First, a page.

NABOKV-L post 0015785, Thu, 6 Dec 2007 10:24:56 -0500

Re: has Nabokov created a narrator/double before?

Carolyn said:
"But in fact Nabokov has done something very similar (Shade is to Kinbote
as Jekyl is to Hyde) before. I think our previous Ed., Don Johnson, put me
onto the story. I'm ashamed to say I cannot now think of what it was, but it
took place in Berlin. Don?"

MR: I'm not Don, but I think Carolyn is talking about The Eye. If one were
to argue for the idea that Kinbote is a secondary personality of Shade, I
would think that The Eye could provide a powerful precedent--a companion
piece in the sense that Priscilla Meyer argues that VN's books are often
paired. In The Eye we have a narrator who claims to have died, but then
continues on. Whether or not he actually died is ultimately ambiguous. Boyd
in VNRY writes:

"Nabokov's great technical advance in The Eye, his bold handling of point
of view, prefigures much of his later art: his almost insanely egocentric
narrators; his glides back and forth between first and third-person
narration; his sudden focal shifts that jar one reality against another and
force us to resolve their clash. Does the narrator of The Eye 'really' die?
If not, does he think he does? Is his persistence after death a fact, a
fixed delusion, a metaphor, a deliberate device? Are narrator and Smurov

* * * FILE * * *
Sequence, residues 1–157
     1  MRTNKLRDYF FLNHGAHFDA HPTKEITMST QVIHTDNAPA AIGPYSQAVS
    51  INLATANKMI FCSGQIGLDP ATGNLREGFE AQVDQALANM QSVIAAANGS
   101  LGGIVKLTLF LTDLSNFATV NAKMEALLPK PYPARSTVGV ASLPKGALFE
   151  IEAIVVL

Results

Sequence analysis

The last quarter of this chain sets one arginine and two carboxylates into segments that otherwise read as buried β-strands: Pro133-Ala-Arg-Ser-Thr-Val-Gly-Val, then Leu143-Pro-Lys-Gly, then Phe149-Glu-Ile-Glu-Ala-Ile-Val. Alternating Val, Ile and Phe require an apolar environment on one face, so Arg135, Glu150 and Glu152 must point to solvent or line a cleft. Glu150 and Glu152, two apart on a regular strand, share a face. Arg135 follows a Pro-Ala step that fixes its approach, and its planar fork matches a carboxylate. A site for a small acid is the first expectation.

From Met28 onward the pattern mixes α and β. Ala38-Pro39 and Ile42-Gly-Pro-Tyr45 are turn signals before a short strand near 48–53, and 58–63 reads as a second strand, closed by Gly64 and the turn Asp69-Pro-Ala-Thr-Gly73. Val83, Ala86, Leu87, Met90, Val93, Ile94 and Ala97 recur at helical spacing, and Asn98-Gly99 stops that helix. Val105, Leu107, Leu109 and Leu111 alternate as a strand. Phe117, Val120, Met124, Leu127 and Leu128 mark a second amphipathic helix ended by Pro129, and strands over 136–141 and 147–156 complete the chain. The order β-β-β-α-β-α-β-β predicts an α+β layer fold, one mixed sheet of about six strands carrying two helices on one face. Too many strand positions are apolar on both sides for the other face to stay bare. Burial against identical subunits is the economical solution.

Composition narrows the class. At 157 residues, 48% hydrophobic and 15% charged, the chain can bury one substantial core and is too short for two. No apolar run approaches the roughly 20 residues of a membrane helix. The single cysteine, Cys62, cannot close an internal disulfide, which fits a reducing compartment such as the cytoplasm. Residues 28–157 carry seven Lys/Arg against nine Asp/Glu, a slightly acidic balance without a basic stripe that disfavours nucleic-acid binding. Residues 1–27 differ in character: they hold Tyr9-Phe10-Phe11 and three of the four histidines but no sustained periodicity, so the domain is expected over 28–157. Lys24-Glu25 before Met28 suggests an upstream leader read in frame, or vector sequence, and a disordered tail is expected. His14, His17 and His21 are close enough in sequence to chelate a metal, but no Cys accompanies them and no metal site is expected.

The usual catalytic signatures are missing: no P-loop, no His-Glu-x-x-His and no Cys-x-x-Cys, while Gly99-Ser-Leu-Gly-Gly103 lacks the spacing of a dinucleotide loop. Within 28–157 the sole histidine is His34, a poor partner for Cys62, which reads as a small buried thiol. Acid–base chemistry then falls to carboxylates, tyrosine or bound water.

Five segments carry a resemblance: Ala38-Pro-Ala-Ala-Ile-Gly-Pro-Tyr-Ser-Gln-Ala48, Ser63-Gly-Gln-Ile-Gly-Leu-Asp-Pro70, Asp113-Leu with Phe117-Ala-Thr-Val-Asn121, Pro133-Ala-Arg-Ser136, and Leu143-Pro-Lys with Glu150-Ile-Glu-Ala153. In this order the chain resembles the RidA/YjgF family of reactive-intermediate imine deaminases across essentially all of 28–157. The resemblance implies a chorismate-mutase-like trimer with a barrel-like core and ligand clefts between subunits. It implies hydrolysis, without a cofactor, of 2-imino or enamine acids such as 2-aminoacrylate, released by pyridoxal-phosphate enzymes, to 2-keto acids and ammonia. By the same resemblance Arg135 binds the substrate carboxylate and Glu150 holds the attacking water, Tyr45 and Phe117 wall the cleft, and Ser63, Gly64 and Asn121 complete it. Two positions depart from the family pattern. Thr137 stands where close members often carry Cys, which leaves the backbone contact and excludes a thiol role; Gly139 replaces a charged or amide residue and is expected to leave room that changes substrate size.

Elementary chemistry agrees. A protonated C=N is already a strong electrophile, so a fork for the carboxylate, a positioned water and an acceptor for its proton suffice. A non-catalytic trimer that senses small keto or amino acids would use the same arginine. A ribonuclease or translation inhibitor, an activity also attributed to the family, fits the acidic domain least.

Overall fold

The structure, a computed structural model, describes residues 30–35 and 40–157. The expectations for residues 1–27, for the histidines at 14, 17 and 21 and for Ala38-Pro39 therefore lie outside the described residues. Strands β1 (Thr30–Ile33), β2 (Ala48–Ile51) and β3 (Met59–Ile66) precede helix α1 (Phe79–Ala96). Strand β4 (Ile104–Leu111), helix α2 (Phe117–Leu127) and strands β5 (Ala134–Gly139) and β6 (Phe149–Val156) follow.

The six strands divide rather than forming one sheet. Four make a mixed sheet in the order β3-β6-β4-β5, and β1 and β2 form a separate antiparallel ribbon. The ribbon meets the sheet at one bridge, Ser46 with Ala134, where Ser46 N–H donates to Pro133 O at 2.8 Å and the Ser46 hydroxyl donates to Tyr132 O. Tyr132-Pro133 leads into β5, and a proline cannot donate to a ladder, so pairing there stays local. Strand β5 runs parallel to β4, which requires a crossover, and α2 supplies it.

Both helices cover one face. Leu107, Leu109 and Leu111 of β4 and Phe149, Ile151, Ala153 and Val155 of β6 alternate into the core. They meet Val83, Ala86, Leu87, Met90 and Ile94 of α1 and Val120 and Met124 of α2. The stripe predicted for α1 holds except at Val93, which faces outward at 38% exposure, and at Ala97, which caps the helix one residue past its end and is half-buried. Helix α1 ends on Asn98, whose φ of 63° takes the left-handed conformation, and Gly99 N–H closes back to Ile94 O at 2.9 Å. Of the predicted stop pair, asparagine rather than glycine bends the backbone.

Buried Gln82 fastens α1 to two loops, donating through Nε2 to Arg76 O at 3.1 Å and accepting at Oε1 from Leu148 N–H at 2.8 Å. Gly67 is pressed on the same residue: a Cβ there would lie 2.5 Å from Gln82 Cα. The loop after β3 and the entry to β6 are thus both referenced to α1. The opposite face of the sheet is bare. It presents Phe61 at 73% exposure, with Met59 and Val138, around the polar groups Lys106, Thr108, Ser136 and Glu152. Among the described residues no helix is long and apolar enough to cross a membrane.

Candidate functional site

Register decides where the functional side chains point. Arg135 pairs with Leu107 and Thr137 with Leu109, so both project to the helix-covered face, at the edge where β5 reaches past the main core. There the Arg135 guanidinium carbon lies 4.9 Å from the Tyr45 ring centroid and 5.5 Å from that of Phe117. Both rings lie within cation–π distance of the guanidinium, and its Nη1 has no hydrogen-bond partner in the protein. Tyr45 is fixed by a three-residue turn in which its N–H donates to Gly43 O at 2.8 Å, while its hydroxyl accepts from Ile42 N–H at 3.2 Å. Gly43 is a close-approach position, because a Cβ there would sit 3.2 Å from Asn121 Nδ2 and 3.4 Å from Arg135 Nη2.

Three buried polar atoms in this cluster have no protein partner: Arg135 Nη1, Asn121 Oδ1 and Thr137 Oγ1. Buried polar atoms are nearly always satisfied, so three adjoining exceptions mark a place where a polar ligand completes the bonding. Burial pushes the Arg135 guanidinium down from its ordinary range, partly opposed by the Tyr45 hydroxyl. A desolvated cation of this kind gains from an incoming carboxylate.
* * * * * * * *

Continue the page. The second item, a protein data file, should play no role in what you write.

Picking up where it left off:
really one, and if so, is 'each' conscious of the 'other'?"

So here we have a character who is shot (by himself) and may or may not
have died. He is then able to see himself from a third-person point of
view--something we only discover indirectly. In addition, we suspect that
Smurov may actually be a homosexual, despite his supposed love affairs. In
Pale Fire, John Shade also declares his own death ("And then one night I
died") only to recover and "live on, fly on" in the story. Tiffany DeRewal
(and I think Carolyn as well?) asserts that Shade's "heart attack" is the
crisis point where Shade's personality finally begins to bifurcate. It's
the point where he begins to see himself from the perspective of someone
else (Kinbote). And this someone else turns out to be an unstable,
homosexual, "insanely egocentric" narrator. In all, it seems to me that The
Eye plays out in a manner roughly analogous to Pale Fire, if indeed we
accept the second personality theory as a possibility.

By the way, for those not familiar with The Eye, this web site provides a very good synopsis
and brief analysis not just of The Eye but of most of VN's stories.


Alexey mentioned a book of riddles to which I alerted him. I did so
off-list, but since he mentioned it, I'll pass it along to all of you. I
found it while looking for references to "Terra the Fair." I think it would
have delighted VN, but there's no evidence that he ever read it. Here it is: Enjoy!

Matt Roth

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